Viewed as transport systems for the feeding sites, the aerial branches of trees explore and place the needles in space (analogous to stolons or rhizomes in herbaceous plants). While there has been considerable work regarding how light interception and height growth can be optimized in homogeneous environments at the tree or even population level (Mäkelä 1985; Mäkelä & Sievänen 1992) and with respect to the successional stage of communities (cf. Henry & Aarssen 1997), the link to foraging strategies through morphological plasticity in heterogeneous light environments has rarely been made, although trees leave a much longer record of their foraging movements in the form of woody branch systems than herbaceous plants do. In clonal herbaceous plants the decrease in the length of growth increments predicted by plant foraging theory is only rarely observed, and normally absent in plagiotropic spacers like rhizomes (Sutherland & Stillman 1988; Dong 1994; Hutchings & de Kroon 1994; Stoll et al. 1998). Therefore, de Kroon & Hutchings 1995) suggested that plasticity in feeding sites might be more important than plasticity of (clonal) spacers, especially if spacers serve as storage organs. In contrast to herbaceous plants, trees offer yet another possibility. It is well known that the needles of conifers not only acquire but also store most of the food that contributes to subsequent shoot growth (Kozlowski 1964). For example, in P. resinosa, girdling of the terminal leader precluded phloem translocation of reserves in needles more than 1 year old to the terminal buds or to expanding shoots, but it allowed these reserves as well as those in the phloem to be used in proximal parts of the branch. When the contribution of the 1-year-old branches (exclusive of needles) was accounted for, the resources supplied by 1-year-old needles alone contributed to almost two-thirds of the total elongation of the next year's leader (Kozlowski 1964). This means that a relatively tight feed-back between spacers and feeding sites connects the current year's shoot growth to resource acquisition in the previous year. Thus, the growth increments in sun branches of P. sylvestris were very probably longer simply because of higher light availability.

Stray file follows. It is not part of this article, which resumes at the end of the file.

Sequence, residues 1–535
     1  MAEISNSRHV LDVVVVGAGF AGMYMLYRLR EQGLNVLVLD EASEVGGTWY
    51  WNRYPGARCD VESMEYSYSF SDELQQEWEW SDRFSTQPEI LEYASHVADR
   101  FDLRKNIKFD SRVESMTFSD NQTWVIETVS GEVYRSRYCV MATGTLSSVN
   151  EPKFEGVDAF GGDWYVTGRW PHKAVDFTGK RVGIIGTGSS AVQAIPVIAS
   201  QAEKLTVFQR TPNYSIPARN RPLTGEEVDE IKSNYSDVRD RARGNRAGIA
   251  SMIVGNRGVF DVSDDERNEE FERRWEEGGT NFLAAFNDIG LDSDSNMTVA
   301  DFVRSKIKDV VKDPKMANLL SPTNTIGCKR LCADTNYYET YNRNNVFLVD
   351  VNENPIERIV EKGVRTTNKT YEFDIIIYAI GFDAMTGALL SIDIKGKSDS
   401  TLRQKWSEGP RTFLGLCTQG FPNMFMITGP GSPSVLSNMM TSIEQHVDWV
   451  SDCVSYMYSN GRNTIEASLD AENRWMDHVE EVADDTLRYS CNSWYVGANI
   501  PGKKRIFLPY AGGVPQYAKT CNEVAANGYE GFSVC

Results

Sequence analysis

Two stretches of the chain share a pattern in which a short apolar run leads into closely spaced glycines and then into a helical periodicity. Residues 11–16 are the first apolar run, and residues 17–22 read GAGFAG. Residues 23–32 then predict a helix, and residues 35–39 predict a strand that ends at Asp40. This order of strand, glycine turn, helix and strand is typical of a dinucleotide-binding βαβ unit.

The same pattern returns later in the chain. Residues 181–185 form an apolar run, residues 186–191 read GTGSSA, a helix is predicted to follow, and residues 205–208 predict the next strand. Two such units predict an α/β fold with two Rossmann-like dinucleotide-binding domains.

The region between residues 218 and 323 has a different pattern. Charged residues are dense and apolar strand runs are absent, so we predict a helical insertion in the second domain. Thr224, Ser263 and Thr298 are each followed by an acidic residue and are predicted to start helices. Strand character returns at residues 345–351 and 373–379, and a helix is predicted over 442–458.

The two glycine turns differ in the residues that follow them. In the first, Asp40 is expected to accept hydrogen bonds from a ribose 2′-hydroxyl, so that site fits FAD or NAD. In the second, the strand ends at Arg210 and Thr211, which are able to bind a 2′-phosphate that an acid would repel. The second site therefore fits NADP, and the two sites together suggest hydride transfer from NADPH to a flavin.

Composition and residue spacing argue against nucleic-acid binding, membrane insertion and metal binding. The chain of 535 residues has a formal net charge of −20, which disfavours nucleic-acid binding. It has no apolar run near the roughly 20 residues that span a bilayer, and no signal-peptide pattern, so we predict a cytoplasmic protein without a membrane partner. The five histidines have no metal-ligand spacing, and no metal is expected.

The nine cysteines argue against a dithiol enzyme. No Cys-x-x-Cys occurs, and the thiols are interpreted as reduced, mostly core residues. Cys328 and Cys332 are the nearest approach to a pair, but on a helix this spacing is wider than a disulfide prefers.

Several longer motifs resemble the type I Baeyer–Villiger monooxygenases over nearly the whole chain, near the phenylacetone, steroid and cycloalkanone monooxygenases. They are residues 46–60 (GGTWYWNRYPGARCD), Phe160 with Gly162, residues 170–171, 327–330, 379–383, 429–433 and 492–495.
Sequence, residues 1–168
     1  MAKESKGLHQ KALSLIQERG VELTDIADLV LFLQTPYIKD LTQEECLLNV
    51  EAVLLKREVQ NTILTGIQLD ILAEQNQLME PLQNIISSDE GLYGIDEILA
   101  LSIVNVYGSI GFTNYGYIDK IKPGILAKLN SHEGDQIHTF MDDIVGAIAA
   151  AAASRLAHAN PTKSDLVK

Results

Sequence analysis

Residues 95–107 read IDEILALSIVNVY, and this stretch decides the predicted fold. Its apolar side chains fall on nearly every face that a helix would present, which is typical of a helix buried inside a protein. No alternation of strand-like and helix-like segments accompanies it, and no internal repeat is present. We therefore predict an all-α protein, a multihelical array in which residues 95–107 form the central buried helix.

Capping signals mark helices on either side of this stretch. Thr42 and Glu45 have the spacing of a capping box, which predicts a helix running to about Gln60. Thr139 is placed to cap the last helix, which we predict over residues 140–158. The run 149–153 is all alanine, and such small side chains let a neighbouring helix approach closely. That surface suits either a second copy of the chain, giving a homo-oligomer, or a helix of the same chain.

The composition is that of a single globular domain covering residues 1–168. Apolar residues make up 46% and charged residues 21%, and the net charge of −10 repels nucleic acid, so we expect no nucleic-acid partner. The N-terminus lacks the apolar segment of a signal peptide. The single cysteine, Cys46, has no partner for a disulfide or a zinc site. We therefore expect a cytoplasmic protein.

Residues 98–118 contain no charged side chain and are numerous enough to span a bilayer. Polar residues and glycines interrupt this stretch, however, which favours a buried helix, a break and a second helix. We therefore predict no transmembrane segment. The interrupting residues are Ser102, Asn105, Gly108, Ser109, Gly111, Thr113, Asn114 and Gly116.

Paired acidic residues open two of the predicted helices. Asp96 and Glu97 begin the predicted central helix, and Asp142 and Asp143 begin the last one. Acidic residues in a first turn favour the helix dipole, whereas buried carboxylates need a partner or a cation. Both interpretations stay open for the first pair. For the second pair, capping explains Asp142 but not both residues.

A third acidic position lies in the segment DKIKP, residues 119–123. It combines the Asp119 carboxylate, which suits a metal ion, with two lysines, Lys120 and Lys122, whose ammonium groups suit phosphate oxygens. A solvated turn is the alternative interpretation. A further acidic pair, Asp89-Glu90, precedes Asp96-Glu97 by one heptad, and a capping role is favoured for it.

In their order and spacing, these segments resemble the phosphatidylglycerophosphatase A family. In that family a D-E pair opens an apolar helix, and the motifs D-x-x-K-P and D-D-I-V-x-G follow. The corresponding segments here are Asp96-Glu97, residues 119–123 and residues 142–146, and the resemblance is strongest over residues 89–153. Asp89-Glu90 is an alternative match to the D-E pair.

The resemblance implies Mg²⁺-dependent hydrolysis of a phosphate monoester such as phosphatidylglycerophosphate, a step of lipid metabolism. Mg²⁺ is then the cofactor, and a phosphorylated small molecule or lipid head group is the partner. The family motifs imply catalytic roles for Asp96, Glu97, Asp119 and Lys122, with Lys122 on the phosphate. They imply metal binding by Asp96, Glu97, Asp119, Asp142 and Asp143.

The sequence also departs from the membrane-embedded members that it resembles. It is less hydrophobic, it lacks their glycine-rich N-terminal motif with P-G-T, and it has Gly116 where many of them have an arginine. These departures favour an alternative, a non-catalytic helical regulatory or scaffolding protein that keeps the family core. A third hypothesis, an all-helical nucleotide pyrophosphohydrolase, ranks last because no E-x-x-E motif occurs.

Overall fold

Branching frequency is usually considered to be the most consistent plant foraging response (de Kroon & Hutchings 1995) and was also found in 13 of the 14 studies used by Sutherland & Stillman (1988) to test predictions of their simulation. However, an increased branching frequency does not reject the growth hypothesis (de Kroon & Hutchings 1995) if it can be shown that branching frequency is a function of dry mass and the relationship is the same in the sun and in the shade. We found increased branching that was a result of two processes, i.e. higher production of growth increments in sun compared with shade branches and, although there was no difference in mortality between sun and shade branches (prediction vi in the Introduction), reduced mortality compared to control branches. When we analysed the relationship between the dry mass of a growth increment and the number of daughters it produced, we found that the relationship was the same in sun and shade branches. That is, the increase in branching frequency was not greater as would be expected from the increased dry mass of growth increments.